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Set-Aside Scheme

Volume 175: debated on Thursday 28 June 1990

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1.

To ask the Minister of Agriculture, Fisheries and Food what steps he is taking to review the workings of the set-aside scheme.

The Parliamentary Secretary to the Ministry of Agriculture, Fisheries and Food
(Mr. David Curry)

We have been reviewing the scheme in the light of the first two years of operation and we shall be announcing decisions when the third year of the scheme opens.

Does my hon. Friend agree that the set-aside scheme will need significant changes if it is to be made acceptable to farmers and the public? Will he consider bringing forward cutting dates and supporting an extension of the countryside premium scheme? Most important, will he ensure that any proposals to support the so-called grazed fallow do not allow the grazing of additional breeding stock on set-aside land, because that would undermine the business of existing traditional livestock producers?

The Government recognise the great importance of the uplands for livestock grazing. However, there are anomalies in the present scheme. For example, if a farmer who has set-aside and livestock suffers from drought and runs out of fodder, he cannot use set-aside land to feed his livestock. There is a case for some flexibility, which would also be in the interest of the environment. If we make changes or introduce flexibility, they will be limited and designed to protect the traditional activities on the uplands, which I and 25 of my hon. Friends represent.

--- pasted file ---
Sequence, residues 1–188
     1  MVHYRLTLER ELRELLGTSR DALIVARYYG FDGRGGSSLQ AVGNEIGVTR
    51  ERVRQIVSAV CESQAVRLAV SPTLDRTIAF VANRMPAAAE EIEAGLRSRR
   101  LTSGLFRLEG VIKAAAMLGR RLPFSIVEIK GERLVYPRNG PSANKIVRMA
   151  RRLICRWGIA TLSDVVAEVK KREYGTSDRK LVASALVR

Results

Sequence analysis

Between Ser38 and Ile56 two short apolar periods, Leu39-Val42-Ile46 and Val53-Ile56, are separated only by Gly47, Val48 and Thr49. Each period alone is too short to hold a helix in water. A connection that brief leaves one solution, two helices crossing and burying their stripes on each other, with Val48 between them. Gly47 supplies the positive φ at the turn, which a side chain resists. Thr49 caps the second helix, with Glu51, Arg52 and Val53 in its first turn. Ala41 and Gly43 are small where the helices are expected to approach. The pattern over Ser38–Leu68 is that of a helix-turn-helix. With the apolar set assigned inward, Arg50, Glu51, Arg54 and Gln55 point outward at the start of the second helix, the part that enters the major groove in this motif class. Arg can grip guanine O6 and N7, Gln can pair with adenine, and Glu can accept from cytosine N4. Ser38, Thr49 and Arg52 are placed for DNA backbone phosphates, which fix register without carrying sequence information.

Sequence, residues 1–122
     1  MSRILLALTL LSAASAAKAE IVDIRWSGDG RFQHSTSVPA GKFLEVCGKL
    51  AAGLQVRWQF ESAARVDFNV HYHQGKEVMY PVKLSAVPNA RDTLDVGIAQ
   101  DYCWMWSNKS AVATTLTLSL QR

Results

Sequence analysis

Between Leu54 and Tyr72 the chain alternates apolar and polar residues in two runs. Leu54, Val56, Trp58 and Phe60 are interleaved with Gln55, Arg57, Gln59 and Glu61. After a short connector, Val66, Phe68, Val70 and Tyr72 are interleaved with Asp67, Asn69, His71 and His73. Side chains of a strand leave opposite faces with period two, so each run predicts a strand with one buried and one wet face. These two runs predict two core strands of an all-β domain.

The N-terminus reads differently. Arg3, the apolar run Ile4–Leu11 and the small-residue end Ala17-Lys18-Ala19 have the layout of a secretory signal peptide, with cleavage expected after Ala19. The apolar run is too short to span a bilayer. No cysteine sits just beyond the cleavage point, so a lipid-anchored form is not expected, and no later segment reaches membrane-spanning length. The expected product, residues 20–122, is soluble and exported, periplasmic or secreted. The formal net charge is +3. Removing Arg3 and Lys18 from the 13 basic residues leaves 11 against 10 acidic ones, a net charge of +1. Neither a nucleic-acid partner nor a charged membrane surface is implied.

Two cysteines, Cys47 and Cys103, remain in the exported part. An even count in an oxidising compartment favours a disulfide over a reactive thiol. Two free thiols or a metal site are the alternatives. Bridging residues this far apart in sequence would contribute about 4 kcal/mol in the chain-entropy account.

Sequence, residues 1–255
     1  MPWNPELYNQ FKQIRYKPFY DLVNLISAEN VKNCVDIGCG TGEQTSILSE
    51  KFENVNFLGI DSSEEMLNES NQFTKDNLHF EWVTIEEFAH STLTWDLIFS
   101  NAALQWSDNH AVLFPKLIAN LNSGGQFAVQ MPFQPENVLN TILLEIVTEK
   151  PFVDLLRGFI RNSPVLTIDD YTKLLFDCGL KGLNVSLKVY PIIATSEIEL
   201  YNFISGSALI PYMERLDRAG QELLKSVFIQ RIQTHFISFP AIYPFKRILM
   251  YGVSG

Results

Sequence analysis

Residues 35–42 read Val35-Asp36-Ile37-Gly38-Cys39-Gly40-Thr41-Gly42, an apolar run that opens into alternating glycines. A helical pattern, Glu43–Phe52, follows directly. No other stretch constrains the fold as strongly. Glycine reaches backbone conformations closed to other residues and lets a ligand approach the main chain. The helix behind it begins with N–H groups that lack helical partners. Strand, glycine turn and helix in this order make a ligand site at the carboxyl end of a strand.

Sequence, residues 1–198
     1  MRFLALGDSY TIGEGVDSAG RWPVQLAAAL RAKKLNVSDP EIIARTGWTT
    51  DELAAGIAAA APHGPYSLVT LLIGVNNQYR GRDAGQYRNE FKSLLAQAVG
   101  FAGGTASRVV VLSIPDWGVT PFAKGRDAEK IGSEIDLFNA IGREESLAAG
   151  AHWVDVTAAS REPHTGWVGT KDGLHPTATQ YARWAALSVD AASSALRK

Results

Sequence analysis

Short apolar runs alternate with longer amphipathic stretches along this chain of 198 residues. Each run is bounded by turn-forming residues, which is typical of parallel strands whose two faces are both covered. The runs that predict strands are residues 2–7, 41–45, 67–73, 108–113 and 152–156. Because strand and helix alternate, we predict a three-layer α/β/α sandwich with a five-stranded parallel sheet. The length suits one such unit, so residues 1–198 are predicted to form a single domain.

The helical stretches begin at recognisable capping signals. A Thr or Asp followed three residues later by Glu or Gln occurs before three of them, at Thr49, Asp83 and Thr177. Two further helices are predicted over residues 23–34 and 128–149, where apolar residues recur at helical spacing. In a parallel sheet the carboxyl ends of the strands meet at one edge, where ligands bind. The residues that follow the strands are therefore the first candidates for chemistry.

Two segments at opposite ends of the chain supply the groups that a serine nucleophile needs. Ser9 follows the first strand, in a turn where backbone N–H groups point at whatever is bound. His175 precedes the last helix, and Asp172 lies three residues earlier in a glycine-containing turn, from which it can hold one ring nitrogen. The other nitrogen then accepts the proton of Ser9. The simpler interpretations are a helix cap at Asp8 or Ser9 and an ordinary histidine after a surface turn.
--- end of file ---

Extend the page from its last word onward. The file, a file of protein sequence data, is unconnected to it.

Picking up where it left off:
Notwithstanding the complex question of the hon. Member for Richmond, Yorks (Mr. Hague), is not he really saying that he wants farmers to get more money to watch the grass grow?

Watching the grass grow is an environmentally friendly activity and, of course, many wild species breed in the grass, so there is a good case for watching it grow. The scheme does not pay farmers to do nothing because they have to maintain their normal farming activity over the major part of the farm, and the taxpayer gets an extremely good deal for not having to finance surplus production on land that is set aside.